Propositional clothing and belief

Philosophical Quarterly 57 (228):342-362 (2007)
Abstract
Moral discourse is propositionally clothed, that is, it exhibits those features – such as the ability of its sentences to intelligibly embed in conditionals and other unasserted contexts – that have been taken by some philosophers to be constitutive of discourses that express propositions. If there is nothing more to a mental state being a belief than it being characteristically expressed by sentences that are propositionally clothed then the version of expressivism which accepts that moral discourse is propositionally clothed (‘quasi-realism’) is self-refuting. Fortunately for quasi-realists, this view of belief, which I label ‘minimalism’, is false. I present three arguments against it and dismiss two possible defences (the first drawn from the work of Wright, the second given by Harcourt). The conclusion is that the issue between expressivists and their opponents cannot be settled by the mere fact that moral discourse wears propositional clothing.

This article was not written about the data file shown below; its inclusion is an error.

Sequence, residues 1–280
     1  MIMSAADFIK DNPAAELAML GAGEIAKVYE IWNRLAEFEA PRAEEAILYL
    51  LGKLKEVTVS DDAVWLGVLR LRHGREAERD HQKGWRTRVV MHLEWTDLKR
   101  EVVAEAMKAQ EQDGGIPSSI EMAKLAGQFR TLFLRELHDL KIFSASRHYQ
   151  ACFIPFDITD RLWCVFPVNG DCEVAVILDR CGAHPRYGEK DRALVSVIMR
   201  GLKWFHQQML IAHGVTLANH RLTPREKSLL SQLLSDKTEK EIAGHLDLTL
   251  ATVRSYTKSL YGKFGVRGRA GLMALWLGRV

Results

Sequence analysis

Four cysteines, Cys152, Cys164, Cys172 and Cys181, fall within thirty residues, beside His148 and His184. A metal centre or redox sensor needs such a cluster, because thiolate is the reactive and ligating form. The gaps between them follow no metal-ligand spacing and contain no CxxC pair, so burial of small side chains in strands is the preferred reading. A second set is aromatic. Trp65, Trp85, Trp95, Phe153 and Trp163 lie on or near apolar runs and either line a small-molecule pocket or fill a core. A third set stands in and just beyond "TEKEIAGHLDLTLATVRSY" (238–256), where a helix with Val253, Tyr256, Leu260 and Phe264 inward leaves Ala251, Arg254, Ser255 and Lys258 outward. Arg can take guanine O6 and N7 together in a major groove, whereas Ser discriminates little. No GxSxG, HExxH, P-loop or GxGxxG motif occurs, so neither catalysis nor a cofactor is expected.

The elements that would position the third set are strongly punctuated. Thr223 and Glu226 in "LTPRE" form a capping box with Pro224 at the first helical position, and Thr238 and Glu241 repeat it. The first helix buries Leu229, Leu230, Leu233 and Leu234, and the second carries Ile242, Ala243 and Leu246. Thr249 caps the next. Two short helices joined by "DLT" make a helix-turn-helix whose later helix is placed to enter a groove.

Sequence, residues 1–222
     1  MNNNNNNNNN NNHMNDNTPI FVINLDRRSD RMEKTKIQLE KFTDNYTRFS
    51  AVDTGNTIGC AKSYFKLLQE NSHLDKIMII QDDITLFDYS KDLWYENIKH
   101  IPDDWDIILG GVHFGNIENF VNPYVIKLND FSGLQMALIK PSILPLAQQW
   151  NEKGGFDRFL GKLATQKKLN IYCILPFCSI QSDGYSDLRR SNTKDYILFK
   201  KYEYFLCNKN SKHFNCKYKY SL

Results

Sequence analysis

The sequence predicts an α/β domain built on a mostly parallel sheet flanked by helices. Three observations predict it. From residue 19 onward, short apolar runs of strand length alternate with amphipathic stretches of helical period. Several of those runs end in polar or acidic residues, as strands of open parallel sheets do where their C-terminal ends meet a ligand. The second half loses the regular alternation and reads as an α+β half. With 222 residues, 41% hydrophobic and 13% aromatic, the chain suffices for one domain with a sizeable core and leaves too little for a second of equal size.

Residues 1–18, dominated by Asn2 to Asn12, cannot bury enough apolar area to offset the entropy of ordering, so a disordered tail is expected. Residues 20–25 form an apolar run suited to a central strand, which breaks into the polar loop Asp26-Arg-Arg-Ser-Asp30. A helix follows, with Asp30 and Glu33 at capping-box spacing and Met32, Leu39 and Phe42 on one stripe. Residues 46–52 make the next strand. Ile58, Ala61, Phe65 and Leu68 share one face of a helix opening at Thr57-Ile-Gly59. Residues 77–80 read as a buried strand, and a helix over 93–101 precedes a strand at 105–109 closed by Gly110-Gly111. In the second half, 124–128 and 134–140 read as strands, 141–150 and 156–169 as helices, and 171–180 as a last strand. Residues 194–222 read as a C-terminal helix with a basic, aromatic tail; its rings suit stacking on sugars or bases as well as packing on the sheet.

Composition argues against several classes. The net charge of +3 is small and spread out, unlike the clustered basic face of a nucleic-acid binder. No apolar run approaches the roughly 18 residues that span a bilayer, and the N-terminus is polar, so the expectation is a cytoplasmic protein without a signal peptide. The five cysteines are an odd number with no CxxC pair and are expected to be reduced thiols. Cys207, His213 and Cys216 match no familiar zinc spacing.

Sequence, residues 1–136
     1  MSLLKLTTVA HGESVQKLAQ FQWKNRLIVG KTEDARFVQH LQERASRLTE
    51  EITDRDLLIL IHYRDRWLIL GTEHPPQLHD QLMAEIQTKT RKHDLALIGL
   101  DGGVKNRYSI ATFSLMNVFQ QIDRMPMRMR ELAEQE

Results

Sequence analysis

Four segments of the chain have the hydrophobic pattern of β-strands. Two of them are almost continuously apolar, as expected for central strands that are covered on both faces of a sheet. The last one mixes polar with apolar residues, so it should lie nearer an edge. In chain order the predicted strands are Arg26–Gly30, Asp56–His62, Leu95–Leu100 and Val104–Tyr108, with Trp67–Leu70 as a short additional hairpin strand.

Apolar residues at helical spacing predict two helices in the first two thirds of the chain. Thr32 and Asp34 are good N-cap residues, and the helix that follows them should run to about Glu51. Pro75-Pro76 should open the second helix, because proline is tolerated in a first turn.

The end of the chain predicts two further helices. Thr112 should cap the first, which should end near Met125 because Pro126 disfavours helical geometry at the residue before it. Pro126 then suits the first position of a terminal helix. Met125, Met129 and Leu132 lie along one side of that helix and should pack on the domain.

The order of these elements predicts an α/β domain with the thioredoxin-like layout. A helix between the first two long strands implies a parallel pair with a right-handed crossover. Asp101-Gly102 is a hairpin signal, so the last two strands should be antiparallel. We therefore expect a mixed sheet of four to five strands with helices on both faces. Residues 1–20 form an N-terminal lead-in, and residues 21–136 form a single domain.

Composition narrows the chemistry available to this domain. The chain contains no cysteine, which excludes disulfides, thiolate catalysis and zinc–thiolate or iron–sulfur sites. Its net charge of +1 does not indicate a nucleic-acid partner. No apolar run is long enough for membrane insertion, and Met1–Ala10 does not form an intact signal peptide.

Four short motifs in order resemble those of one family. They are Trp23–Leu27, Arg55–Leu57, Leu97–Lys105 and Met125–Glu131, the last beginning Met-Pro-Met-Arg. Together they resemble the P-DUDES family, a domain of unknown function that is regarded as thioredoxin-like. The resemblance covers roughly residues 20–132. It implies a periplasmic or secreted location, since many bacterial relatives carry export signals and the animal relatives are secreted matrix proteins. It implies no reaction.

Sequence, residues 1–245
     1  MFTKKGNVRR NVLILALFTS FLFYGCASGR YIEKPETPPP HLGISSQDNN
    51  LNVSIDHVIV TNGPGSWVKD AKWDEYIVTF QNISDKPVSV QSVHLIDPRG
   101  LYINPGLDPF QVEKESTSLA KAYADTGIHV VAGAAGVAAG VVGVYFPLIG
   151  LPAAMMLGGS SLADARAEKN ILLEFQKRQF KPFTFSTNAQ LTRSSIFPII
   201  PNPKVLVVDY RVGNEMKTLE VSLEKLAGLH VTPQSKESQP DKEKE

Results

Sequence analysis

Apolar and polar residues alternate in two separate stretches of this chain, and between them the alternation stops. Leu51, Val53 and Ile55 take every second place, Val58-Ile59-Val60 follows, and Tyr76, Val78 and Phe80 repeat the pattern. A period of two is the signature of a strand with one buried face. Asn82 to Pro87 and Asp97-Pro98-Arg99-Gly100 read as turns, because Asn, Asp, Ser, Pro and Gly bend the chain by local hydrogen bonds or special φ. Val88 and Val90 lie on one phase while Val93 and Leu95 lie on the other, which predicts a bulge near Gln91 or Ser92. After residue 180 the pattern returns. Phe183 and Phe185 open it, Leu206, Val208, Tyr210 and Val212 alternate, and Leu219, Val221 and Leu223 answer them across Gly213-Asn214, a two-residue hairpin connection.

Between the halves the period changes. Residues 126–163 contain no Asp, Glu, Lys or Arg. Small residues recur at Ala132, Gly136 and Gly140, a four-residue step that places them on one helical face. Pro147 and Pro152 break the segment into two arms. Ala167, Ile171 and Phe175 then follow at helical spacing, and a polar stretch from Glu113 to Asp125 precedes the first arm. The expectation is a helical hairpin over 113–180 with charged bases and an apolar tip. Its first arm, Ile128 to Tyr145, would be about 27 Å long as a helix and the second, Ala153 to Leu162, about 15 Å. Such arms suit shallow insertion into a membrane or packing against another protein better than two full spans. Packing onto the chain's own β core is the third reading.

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References found in this work BETA
Simon Blackburn (1991). Just Causes. Philosophical Studies 61 (1/2):3 - 17.
Simon Blackburn (2002). Précis of Ruling Passions. [REVIEW] Philosophy and Phenomenological Research 65 (1):122–135.

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Citations of this work BETA
Simon Blackburn (2010). The Steps From Doing to Saying. Proceedings of the Aristotelian Society 110 (1):1-13.
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